In the American state of New York and the leadership of Hofstra University has come out against a plan from Las Vegas Sands Corporation that would see a multi-billion-dollar casino resort brought to an 80-acre plot of adjacent land.
The private Long Island university’s 25-member board of trustees has written an open letter to formally oppose the proposal to construct a Las Vegas-style venue complete with multiple restaurants, ballrooms and a health club on a derelict site next to the 14,000-seat Nassau Veterans Memorial Coliseum. This project is destined to serve as a significant part of the ambitious ‘Nassau Hub’ scheme so as to transform the area around the 51-year-old sports facility into a world-class destination district also featuring offices, other entertainment components, retail spaces and a residential element.
However, the leadership for Hofstra University used its letter to declare that the ‘Nassau Hub’ scheme is ‘an entirely inappropriate location for a casino’ as the site is currently encircled by a range of ‘educational institutions from pre-school through graduate school’ alongside ‘a diversity of suburban communities’. The board of trustees asserted that the plan from Las Vegas Sands Corporation would also likely bring ‘increased traffic congestion, crime, economic harm for local businesses and other negative impacts’ to this area.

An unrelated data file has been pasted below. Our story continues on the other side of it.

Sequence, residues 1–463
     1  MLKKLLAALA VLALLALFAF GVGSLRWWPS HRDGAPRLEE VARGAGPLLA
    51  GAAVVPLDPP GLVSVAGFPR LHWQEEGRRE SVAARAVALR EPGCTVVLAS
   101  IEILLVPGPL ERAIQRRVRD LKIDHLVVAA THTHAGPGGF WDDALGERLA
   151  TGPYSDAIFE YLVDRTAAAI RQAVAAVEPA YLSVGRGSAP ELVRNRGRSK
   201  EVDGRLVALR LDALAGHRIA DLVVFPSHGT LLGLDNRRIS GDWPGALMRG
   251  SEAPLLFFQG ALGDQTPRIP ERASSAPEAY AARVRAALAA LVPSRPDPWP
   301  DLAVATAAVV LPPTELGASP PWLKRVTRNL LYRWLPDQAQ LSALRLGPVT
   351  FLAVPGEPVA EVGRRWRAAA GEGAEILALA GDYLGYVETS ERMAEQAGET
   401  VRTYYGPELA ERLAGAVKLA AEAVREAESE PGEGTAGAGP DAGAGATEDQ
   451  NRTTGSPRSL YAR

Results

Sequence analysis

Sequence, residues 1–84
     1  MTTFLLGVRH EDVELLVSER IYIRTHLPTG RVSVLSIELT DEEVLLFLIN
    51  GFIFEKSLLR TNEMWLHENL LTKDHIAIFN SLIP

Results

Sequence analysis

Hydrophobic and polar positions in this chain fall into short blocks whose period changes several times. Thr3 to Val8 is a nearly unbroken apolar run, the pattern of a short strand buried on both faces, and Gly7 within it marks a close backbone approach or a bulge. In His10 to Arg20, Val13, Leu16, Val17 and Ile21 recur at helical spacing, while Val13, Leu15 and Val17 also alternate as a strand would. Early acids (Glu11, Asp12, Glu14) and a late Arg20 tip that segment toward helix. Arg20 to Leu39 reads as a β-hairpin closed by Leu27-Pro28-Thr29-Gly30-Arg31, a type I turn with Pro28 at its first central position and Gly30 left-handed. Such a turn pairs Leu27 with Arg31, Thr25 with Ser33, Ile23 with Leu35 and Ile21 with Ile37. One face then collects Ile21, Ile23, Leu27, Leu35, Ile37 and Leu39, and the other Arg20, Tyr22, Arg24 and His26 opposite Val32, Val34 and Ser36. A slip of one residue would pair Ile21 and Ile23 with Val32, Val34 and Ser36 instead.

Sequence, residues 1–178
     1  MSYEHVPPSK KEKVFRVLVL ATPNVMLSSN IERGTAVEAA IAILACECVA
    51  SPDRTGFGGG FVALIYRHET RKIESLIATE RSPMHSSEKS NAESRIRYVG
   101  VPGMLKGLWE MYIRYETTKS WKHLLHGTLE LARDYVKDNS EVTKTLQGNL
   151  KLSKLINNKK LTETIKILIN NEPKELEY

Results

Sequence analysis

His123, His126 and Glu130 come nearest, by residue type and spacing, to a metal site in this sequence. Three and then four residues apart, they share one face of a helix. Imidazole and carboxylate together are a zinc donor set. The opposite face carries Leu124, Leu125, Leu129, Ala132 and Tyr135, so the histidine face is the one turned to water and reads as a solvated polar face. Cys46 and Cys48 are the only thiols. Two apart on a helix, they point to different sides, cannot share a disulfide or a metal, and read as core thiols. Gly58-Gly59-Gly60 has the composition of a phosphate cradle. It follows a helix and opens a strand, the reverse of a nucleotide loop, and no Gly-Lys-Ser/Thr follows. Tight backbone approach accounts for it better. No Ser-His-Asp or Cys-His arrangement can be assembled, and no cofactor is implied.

“There are other locations in and around New York City…that are not in such proximity to multiple educational institutions where so many young people live and learn,” the Hofstra University letter read.
Hofstra University was established in 1935 as an extension of New York University and currently runs 180 undergraduate and 190 graduate programs patronized by well over 10,000 students. The trustees’ letter pronounced that the institution moreover employs some 2,500 people while serving as an economic driver for the nearby town of Hempstead and the larger New York metropolitan area.
Las Vegas Sands Corporation unveiled its plan to bring a five-star casino resort to eastern Long Island in January after the New York State Gaming Commission launched the application process for a trio of ‘downstate’ gaming licenses. The operator stated at the time that it intends to work with local communities so as to ensure its finished development ‘maximizes economic opportunities, helps to build stronger communities and protects the quality of life for all Long Islanders’.
“Our company’s track record of driving significant economic benefits to the communities in which we operate and the meaningful relationships and partnerships we have created in each of those communities gives us a unique perspective on what it takes to develop transformative tourism destinations that positively impact the local community,” the Chairman and Chief Executive Officer for Las Vegas Sands Corporation, Robert Goldstein, said. “Based on that experience, we strongly believe Long Island can be home to one of the region’s great entertainment and hospitality developments.”